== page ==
How does one best determine ‘value’ in stockmarkets? What forces act to produce the regular material deviations from even the best estimates of such value? These are the key questions that this course seeks to answer. Although utilising historical examples, the course is an educational tool for active investors. So it is a practical, and not just a chronological, history.
In the first module, Andrew Smithers and Stephen Wright (authors of Valuing Wall Street) look at 200 years of data on equity and bond valuations to find which equity valuation criteria work in practice. They find two that – contrary to the teachings of efficient market hypothesis (EMH) – are predictive of future equity market returns. Having established the best guide to fair value for equities, the rest of the course focuses on the forces that cause equities to trade away from fair value.
The two most usually mentioned in this regard are liquidity and psychology. John Greenwood teaches the unit on liquidity. John explores the mechanisms through which money affects financial markets and focus on how, in understanding liquidity trades, one’s understanding of financial markets is enhanced.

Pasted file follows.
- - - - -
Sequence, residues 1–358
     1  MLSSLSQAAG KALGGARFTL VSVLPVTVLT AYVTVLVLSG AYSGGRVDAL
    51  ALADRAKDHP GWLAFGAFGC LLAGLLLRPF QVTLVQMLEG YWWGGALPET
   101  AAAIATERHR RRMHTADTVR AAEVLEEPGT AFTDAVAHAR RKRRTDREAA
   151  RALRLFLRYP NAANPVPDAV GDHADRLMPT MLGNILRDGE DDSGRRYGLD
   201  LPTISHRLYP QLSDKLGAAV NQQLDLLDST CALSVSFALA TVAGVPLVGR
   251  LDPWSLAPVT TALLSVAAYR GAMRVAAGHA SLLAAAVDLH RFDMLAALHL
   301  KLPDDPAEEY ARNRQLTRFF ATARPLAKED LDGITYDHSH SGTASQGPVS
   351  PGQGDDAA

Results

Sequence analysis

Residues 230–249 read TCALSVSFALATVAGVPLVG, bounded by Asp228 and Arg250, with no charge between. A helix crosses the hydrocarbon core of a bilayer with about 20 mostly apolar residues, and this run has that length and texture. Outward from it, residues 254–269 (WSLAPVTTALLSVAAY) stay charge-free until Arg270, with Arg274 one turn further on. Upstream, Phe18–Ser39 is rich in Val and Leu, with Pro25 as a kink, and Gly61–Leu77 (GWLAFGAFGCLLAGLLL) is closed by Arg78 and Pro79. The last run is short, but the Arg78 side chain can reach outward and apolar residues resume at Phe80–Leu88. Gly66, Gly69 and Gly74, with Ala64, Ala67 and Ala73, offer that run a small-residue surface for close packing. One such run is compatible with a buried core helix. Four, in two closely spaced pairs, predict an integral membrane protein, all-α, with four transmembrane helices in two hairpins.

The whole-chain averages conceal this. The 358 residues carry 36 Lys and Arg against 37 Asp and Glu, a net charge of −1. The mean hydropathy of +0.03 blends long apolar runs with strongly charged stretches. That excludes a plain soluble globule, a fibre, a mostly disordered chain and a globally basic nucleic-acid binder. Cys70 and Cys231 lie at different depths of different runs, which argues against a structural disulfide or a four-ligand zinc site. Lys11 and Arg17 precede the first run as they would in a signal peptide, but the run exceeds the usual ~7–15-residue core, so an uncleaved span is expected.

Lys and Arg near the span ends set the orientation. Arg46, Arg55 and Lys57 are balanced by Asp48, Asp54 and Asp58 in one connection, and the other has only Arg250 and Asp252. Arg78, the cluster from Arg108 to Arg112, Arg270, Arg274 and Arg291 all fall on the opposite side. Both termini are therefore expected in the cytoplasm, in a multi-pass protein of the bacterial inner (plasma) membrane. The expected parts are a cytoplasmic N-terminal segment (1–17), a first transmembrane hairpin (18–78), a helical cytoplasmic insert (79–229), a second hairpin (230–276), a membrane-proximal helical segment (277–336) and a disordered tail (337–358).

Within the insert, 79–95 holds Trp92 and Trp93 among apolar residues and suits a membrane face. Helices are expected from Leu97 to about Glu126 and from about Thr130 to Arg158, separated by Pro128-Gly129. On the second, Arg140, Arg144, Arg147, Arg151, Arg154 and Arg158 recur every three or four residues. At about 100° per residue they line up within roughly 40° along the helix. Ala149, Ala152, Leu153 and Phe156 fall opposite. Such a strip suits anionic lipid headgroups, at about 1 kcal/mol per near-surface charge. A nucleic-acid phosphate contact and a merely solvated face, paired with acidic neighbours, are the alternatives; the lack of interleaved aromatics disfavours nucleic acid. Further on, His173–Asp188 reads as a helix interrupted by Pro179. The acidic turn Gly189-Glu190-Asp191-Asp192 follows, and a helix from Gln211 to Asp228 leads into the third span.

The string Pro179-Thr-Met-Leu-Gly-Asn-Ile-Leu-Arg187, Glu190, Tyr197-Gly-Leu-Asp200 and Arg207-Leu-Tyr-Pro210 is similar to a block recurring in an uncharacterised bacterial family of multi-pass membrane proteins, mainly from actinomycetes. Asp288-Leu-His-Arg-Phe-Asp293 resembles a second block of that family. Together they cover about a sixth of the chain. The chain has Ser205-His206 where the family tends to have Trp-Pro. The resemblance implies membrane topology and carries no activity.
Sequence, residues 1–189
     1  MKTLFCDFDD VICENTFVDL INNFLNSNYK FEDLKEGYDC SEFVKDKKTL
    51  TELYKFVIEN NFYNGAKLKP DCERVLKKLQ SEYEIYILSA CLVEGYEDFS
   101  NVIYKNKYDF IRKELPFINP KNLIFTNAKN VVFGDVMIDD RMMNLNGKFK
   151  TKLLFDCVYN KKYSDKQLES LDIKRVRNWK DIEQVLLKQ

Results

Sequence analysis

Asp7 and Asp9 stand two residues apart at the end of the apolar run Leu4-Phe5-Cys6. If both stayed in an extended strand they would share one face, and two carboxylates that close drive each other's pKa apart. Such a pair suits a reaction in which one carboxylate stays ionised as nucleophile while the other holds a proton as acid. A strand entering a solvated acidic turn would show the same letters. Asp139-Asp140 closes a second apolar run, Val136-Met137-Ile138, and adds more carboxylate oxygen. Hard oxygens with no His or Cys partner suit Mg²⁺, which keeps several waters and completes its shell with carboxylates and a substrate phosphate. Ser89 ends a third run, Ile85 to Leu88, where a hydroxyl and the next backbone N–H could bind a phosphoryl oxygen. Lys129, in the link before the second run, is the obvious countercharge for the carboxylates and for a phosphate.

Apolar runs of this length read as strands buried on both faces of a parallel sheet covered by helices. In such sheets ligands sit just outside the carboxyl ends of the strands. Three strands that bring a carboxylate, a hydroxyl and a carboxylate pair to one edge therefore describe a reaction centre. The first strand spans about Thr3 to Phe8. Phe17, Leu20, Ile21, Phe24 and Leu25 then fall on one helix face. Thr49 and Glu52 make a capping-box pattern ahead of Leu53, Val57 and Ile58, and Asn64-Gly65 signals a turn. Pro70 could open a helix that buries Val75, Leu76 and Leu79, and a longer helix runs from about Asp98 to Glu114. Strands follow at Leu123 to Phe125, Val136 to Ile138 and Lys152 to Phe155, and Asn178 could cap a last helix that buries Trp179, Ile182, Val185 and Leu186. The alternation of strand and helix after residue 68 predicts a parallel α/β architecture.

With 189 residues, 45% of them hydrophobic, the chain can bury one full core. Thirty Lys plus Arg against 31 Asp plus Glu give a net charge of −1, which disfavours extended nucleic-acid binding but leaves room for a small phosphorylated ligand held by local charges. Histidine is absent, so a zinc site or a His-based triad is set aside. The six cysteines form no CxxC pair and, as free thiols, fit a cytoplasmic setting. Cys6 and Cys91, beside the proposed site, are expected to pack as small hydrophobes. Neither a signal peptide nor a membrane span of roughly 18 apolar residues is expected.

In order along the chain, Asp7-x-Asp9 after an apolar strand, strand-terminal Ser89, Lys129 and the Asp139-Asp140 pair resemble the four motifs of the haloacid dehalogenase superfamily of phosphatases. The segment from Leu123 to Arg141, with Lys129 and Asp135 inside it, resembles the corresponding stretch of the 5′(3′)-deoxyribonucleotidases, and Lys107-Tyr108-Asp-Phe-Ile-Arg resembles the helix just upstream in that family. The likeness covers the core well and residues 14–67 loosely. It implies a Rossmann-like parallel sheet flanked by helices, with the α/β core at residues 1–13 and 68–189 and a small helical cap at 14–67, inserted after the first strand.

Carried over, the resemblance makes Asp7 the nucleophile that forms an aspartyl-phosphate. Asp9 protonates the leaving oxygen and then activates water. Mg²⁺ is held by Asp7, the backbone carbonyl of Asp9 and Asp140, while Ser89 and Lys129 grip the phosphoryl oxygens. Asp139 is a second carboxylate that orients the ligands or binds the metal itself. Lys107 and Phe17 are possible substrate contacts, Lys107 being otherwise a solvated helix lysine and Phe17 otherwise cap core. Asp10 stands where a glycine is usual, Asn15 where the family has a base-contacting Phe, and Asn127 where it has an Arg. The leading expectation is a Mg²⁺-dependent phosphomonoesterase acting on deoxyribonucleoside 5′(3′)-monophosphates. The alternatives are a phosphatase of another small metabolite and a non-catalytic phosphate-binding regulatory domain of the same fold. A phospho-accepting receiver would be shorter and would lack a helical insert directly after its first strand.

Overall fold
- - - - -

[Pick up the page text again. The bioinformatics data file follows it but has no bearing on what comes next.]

And so to psychology: our unit on behavioural finance is taught by Herman Brodie, who runs a consultancy company helping financial services companies implement behavioural techniques. Herman’s long experience as a currency trader and provider of advice to financial institutions has given him unique insights into the practical uses of behavioural finance.
Another factor impacting deviation from fair value is inflationary expectations. Peter Warburton looks at the impact of changes in inflation on bonds, bills, equities and equity sectors in 16 different countries over the past 100 years.
Russell Napier concludes the formal teaching with a lecture on how the key forces driving the mean reversion of equity valuations interact.
On the final day we have three morning lectures from Jon Compton, Edward Chancellor and Russell Napier. Jon Compton lectures on common mistakes in the investment industry (Missing The Obvious: Thirty-Five Years in the Investment Trenches) and Edward Chancellor assesses the role of the credit cycle in investing (The Credit Cycle And Asset Allocation). The morning finishes with Russell Napier utilising the lessons from the course to forecast our financial future (Financial History: The Next Ten Years).
Download a typical teaching schedule.